Hello! Gather ‘Round and I will spin you a tale…
Coupled with a few fur pelts, my woolen cloak was superior in warmth compared to some of the odds and ends I took along for hunting trips.
Well on my way to Northwich and bundled up for the night, I thought of all those meals my mom missed because she wanted me to be strong.
I winced thinking about what this trip had cost my parents and did not wish to disappoint them. In much comfort, I drifted off to sleep.
Breakfast was light as I wished to conserve what mother had prepared and I moved on down the trail. The trip was uneventful.
With over ten thousand people, Northwich was the biggest town I had ever seen and as cringeworthy as it felt, I had to ask for directions to find the Northwich Congregation.
When I found it, I was a bit disappointed as I expected stained glass windows and elaborate decor. Instead, the building was a simple rectangle with doors and a steeple.
Pastor John Eli was elated to see me and welcomed me inside.
“Walter! So good to see you! Come with me!”
“Are you hungry?!”
“I won’t turn down food, sir!”
The Preacher Man led me to a table with proper loaves of bread, butter, dried fruit, and sausage.
“Help yourself, Walter, this whole spread is yours to eat.”
“Later, others will come to join you and we will get started!”
“Thank you, sir!”
Minding my manners so as not to offend my host, I carefully sliced a small piece of bread from the loaf. Notably, it was still hot and when I spread butter over it, it melted and soaked in.
To my delight, the butter was salted and forgetting my manners, I had another slice for I did not wish for it to grow cold.
John Eli’s wife came by and asked me if I needed to borrow clothing and I assured her my mother had sent me with a set for church.
Regardless, she took measurements and told me if I didn’t eat more, she would surely be offended.
I didn’t have to be told twice, and I am certain that I ate two loaves of bread, five dried apples, and all the sausage.
The church had a washroom, so I changed into my clothing and remembered city folk wear shoes. Reluctantly, I put mine on, a little embarrassed about forgetting.
Using a bit of rendered fat, I slicked my hair back with my hands, hoping it looked all right.
Other boys began to arrive, and I soon learned I had eaten for four or five, and the preacher’s wife had to go to the cellar and get more of everything.
I was ashamed and apologized profusely, but she wouldn’t hear of it, encouraging me to eat more.
I didn’t let her down, finding room for much more.
Feeling a bit outclassed by these confident, well-dressed teens, I listened to what they had to say, so as not to draw a lot of attention to myself.
The first classmate who approached me was Harper. Quite the extrovert, Harper came all the way from La Longi with his parents and brought instruments for the singing portion of the service. I was looking forward to him playing and told him as much.
Harper smiled and reaching into his bag, pulled out a strange instrument.
“I gotta get permission from Pastor John Eli first, but here is a quick one.”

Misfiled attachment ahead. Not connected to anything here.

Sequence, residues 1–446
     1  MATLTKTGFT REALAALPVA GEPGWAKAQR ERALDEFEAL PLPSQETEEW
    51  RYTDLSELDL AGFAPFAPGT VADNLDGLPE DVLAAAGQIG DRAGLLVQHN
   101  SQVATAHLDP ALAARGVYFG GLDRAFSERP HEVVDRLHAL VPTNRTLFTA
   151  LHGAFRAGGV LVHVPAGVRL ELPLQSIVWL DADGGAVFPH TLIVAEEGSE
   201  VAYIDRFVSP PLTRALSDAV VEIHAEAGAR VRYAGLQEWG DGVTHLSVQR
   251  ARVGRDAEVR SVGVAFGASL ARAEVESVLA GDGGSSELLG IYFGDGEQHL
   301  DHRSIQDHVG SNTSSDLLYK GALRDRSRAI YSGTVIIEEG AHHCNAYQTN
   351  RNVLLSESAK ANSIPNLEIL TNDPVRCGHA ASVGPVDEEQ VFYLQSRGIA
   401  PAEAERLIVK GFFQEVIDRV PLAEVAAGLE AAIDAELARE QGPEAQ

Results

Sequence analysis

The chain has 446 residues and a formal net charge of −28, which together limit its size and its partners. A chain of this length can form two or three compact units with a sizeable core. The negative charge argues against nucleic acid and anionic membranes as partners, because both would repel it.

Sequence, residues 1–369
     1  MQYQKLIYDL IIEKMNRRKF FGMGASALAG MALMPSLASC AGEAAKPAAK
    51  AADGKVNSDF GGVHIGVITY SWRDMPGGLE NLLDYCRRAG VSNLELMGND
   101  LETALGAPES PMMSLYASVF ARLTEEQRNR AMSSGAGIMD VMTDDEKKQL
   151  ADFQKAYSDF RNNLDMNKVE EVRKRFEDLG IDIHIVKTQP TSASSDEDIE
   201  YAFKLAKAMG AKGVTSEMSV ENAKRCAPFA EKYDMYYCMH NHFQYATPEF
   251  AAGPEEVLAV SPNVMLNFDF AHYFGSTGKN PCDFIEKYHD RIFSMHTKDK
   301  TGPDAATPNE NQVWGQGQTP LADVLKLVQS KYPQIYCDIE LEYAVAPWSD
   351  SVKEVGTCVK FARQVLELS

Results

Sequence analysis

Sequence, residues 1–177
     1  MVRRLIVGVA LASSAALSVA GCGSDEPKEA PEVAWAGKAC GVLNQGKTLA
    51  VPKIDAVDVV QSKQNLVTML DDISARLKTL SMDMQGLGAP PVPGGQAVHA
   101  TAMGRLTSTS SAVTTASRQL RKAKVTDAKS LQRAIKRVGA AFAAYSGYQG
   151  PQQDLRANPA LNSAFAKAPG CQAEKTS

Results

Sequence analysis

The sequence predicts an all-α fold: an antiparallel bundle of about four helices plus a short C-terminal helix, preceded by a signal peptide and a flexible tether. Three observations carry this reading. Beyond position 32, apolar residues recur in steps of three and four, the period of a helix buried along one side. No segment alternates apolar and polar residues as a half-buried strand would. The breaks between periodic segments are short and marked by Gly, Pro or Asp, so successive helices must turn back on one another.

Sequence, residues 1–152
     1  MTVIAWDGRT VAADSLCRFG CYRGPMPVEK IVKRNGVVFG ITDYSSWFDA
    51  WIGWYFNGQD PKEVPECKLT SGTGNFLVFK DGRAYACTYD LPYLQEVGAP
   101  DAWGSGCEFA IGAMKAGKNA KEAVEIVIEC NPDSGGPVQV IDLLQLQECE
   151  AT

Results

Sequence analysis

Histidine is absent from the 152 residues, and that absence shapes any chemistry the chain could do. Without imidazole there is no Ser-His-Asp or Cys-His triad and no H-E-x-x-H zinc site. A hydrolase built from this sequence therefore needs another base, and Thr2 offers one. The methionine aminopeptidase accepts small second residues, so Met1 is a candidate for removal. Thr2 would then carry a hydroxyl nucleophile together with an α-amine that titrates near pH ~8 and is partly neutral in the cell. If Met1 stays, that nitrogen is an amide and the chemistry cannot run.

The room wasn’t full, but Harper had everyone’s attention. They clapped and whistled.
He bowed and said thank you and we resumed talking.
I learned that Harper was friends with Melonie, my cousin-in-law, and inquired about her.
I was more than happy to update him.
“Melonie is a fine addition to the Berengar Clan. Why, on this day, a couple of years ago, my Grandmother died and she comforted me like I was her little brother.”
“That’s very nice! We have done some music together down in La Longi.”
“Oh, wow, I didn’t know that. Sometimes she is silly and sings kid songs. She did one about what a fox said for my last birthday.”
“How does Jabez treat her?”
“I think he treats her well. The other day I watched his brother Jacob while he took her on a picnic.”
Harper was puzzled. “Watch his brother?” “Jacob is older than you.”
“Well, my cousin Jacob…”
My sentence was cut off by a boy my age with immaculate clothing and perfect posture.
His hair was cleanly parted to the side and looked like he had never been dirty a day in his life. A well-preserved flower was affixed to his jacket and on his side, he carried a ceremonial sword.
“His cousin Jacob is a lunatic. When the moon is full, he loses touch with reality and it grows worse every passing month.
That is hereditary amongst the Backwoods Berengar types.”
I was a bit taken aback by the interruption but maintained my composure.
“Good day! Who do I have the pleasure of meeting today?”
“You can call me Mr. Orson Berengar, a true Berengar, unlike the riff-raff subsistence farming the countryside calling themselves such.
I stifled a laugh. “Orson, I am not sure I will call you “Mister “. That is a bit pretentious don’t you think?
I had never met Orson Berenger, but he apparently knew of us. He did not respond but instead kept looking me dead in the eye like we were about to wrestle it out.
I didn’t want to lose my opportunity here in the church or Northwich for that matter so I averted my eyes. Fortunately, we were called to order and the crisis was postponed.